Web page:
Nike has thrown in its lot with one of the world’s most stringent textile standards for environmental protection, health, and safety. The sportswear giant announced on Monday a new strategic partnership with Switzerland-based Bluesign to “accelerate the supply of sustainable materials and chemistries” for use in Nike products. The agreement, according to Nike, will allow its global supply chain, which spans nearly 50 countries and more than 800 contracted factories, to access Bluesign’s key assessment tools and data at an “unprecedented scale and pace.”


One of the applications Nike will roll out is Bluefinder, a search engine containing pre-screened raw materials, textile preparations, and other chemical components designed to enable suppliers to effectively manage restricted substances and increase water and energy efficiency.

Nike’s relationship with Bluesign will allow it to put a “set of positive chemistries in the hands of materials suppliers.”

Another tool at the Nike’s disposal? The Blueguide, a database of more than 30,000 Bluesign-approved fabrics that meet the firm’s criteria regarding resource efficiency and environmental impact.

Nike’s relationship with Bluesign will allow it to put a “set of positive chemistries in the hands of materials suppliers,” says Hannah Jones, vice president of sustainable business and innovation at the company.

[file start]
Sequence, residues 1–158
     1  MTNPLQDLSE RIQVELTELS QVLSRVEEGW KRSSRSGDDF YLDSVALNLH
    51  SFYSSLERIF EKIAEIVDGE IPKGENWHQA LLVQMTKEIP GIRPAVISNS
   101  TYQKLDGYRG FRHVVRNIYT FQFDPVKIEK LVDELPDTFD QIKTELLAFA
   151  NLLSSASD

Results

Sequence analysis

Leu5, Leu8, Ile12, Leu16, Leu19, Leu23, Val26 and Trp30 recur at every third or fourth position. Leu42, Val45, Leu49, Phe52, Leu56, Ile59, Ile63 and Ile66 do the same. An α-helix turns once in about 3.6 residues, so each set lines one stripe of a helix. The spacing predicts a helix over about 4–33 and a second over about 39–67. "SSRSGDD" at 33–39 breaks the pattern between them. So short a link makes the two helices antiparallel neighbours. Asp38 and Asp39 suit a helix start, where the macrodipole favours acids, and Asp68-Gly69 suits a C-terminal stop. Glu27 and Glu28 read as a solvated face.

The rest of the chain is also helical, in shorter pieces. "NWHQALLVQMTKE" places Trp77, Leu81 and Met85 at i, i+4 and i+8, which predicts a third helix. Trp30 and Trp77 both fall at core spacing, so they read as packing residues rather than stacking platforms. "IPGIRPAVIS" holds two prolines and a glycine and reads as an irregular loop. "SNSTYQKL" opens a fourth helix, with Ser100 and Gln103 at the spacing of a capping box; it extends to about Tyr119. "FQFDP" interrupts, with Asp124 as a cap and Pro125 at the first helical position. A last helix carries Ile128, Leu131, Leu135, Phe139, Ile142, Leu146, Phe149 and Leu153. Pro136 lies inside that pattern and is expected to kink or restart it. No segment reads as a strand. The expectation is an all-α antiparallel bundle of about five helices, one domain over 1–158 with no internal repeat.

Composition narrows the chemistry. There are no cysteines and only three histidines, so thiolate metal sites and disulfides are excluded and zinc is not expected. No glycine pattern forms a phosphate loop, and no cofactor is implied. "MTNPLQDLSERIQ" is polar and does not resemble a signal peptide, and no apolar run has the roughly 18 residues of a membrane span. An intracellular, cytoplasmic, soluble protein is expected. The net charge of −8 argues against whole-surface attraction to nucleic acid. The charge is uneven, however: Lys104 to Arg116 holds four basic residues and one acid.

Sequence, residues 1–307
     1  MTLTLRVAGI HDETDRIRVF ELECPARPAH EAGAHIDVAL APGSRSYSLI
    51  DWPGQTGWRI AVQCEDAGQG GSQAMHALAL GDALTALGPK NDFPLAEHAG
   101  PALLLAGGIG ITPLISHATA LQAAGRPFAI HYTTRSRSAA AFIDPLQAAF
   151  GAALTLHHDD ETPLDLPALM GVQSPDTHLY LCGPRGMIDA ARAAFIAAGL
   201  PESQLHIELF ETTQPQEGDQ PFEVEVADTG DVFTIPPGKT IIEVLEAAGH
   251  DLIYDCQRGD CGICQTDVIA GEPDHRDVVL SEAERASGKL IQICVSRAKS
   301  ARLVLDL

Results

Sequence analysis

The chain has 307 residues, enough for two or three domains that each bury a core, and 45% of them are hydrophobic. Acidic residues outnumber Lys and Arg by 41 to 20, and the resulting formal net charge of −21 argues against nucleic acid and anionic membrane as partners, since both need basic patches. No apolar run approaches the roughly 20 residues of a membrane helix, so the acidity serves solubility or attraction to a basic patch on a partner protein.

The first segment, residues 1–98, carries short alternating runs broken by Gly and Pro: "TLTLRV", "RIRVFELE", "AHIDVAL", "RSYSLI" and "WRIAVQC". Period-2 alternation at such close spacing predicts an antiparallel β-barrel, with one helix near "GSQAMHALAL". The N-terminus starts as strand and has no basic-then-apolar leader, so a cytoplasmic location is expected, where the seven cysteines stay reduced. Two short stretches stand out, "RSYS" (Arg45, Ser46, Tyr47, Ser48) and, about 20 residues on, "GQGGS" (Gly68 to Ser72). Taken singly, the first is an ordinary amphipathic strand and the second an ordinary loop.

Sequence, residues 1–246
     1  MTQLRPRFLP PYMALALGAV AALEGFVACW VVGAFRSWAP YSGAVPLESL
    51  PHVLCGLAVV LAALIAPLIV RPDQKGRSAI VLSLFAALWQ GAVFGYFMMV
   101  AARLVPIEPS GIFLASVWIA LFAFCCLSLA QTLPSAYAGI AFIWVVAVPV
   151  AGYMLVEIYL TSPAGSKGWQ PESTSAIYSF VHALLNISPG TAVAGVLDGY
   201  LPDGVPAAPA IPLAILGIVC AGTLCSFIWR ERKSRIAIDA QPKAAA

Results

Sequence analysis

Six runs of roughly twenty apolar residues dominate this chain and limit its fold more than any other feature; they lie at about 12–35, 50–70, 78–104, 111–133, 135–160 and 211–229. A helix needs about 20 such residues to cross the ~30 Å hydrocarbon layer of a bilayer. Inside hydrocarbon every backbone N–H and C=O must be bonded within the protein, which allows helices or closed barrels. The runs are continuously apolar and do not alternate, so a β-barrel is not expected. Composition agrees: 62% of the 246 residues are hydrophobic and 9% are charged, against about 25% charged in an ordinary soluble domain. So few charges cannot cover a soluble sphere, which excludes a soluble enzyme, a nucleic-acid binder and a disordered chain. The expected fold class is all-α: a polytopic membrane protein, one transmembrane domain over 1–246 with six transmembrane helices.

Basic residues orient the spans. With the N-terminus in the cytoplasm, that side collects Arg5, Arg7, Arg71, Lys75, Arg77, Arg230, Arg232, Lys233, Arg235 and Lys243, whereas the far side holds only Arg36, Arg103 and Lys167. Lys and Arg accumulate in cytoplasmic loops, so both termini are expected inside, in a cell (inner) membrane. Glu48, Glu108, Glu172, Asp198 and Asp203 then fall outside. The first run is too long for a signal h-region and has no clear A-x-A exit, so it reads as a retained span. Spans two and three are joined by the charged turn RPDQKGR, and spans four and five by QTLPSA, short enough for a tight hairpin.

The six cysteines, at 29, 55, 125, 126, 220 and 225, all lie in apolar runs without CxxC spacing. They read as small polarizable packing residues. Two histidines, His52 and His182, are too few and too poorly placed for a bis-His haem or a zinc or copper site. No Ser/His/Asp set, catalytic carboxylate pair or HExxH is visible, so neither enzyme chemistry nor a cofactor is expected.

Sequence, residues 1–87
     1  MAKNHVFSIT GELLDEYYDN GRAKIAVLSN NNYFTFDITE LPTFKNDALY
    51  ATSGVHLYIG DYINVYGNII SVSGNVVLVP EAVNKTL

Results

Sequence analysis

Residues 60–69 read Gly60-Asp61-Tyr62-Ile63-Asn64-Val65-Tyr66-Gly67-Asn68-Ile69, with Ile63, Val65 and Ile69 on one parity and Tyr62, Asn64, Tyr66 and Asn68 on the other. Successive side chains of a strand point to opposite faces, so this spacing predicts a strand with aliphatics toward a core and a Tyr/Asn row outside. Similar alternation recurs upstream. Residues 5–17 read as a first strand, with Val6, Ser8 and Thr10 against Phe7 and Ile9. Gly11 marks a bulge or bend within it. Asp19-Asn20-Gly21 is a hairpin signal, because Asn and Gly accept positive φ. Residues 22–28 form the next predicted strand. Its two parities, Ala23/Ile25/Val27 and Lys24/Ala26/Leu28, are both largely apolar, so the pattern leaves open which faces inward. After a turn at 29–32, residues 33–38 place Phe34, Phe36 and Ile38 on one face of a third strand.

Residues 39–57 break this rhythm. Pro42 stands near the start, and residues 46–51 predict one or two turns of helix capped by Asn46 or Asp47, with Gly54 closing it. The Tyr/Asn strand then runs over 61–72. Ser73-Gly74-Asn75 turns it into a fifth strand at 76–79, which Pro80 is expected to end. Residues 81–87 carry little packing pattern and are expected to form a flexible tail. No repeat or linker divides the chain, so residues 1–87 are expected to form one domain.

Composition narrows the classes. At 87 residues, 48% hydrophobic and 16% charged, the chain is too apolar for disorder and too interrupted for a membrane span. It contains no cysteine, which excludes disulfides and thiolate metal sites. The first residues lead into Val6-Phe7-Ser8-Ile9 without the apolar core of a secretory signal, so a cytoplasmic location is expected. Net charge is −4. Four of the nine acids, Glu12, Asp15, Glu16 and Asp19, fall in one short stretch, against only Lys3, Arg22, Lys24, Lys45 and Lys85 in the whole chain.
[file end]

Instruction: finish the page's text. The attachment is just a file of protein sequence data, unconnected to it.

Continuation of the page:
“Nike is committed to catalyzing a major change in the world of materials, driving for the elimination of hazardous substances and innovating new, sustainable materials,” she adds.”To shift to a palette of entirely sustainable materials multiple stakeholders must work together to innovate new chemistry, encourage the use and scale of better chemistry, and eliminate harmful chemistry.”

Nike estimates that 60 percent of a shoe’s environmental impact is embedded in its materials. “If Nike can encourage the materials industry to develop and supply more sustainable materials and work with the industry to scale that innovation, the positive implications are potentially significant, both for Nike and for those communities where textiles are made and treated,” Jones says. “Nike hopes this relationship will help encourage others to collaborate in changing the way textiles are created.”

The timing of the collaboration couldn’t be more fortuitous: Nike was among the companies implicated in a 2011 Greenpeace report about heavy-metal pollution in China’s Yangtze and Pearl River Deltas. Nike responded to the revelation by accepting the environmental nonprofit’s “Detox” challenge, with the company pledging to eliminate all hazardous chemicals from its supply chain and products by 2020.

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